Occupational Health in the UK

Occupational Health is an exciting post-graduate field of predominantly nursing and medicine professionals. It is unusual in that practitioners are advocates for both the worker and the employer. Workers are not ‘patients’ in the traditional sense and therefore OH practitioners offer workers and those in allied fields of safety, HR and management guidance in a tailored, often educational style to help prevent and react to work-related ill-health and injury. Frequently the aim is assisting affected workers to stay at work or return to work if absent. OH practitioners may have a formalised wellbeing aspect to their work as part of the wider Public Health agenda through being involved in health education and promotion.

Some OH qualifications lead to specialist practitioner designation on the UK NMC (Nursing and Midwifery Council) register. Qualifications may be at degree, post-graduate certificate and diploma, Masters & PhD level. Many OH services are nurse-led and practitioners may be employed in-house or via an OH provider, or through using self-employed contractors. This differs from other European countries where OH is often linked more closely to primary care services. OH career pathways are unique, with diverse opportunities which include within health services, social care, prison and emergency services, forces, charity, service, transport, aviation or manufacturing sectors.

ohlearning hub was set up because of a perceived lack of balance in learning and development opportunities for the UK’s OH workforce which follows health and safety legislative requirements for competent OH advice, whilst meeting accountability requirements of statutory registry bodies such as the NMC for nurses.

This WONCA and ICOH (2014) joint statement summarises day to day challenges for OH practitioners:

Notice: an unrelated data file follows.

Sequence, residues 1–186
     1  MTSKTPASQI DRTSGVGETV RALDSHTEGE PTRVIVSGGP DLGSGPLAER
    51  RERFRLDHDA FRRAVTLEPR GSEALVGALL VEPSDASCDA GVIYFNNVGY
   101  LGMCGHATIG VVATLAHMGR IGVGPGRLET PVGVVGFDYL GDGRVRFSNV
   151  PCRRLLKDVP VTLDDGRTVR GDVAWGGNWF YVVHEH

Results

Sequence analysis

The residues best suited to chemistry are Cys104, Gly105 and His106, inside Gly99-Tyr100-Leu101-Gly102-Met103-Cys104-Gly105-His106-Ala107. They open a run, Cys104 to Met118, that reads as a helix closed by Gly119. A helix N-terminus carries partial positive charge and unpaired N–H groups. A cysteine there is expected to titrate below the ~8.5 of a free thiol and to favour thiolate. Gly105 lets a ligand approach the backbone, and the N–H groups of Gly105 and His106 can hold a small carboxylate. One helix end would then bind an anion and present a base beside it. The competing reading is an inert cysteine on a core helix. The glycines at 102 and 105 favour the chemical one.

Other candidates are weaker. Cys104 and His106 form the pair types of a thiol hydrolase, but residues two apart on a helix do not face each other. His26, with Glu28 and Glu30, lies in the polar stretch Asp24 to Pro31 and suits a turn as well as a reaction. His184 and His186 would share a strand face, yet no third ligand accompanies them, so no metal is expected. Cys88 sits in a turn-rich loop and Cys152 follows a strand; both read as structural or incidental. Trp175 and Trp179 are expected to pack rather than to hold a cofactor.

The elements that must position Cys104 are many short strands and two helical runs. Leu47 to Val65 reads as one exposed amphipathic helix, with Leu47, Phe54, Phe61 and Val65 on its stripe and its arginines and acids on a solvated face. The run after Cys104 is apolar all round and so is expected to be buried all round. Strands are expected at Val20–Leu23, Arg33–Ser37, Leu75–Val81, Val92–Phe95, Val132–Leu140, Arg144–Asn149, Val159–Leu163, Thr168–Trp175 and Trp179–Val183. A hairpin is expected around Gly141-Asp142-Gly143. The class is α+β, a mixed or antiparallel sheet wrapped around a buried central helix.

‘Health and work are intimately linked. Work under good conditions can have positive effects on health and wellbeing. On the other hand, health and safety are threatened in poor working conditions, which are a daily reality for many workers around the world. Workers exposed to hazards at work suffer various work-related diseases. Failure to adapt working conditions to the capabilities of workers with chronic health problems may limit their ability to work. Poor health, injuries and disabilities prevent many from working at all or at full capacity. Those who do not work frequently suffer worse health because of limited resources or social isolation. Yet, the health and safety of people at work are too often addressed separately from their health outside of work. Similarly, the health and safety of those at work are often viewed in isolation from the health and safety of their families and communities. Each of these affects the others.

‘It is essential to improve the health and productivity of workers by increasing the number, expertise and capacity of health professionals able to prevent and manage work-related health problems. In addition there is an urgent need to increase the number and capacity of occupational health experts and services. This is especially true for those working in low and medium resource countries, the informal economy, small businesses, and agriculture.’

Challenges for occupational health as a speciality now and in the future – According to a statement by occupational health institutes in collaboration with the World Health Organisation (WHO) (1995), the most important will be:

  • occupational health problems linked to new information technologies and automation;
  • new chemical substances and physical energies;
  • health hazards associated with new biotechnologies;
  • transfer of hazardous technologies;
  • ageing working populations;
  • special problems of vulnerable and underserved groups (e.g. chronically ill and disabled), including migrants and the unemployed; problems related to growing mobility of worker populations
  • occurrence of new occupational diseases of various origins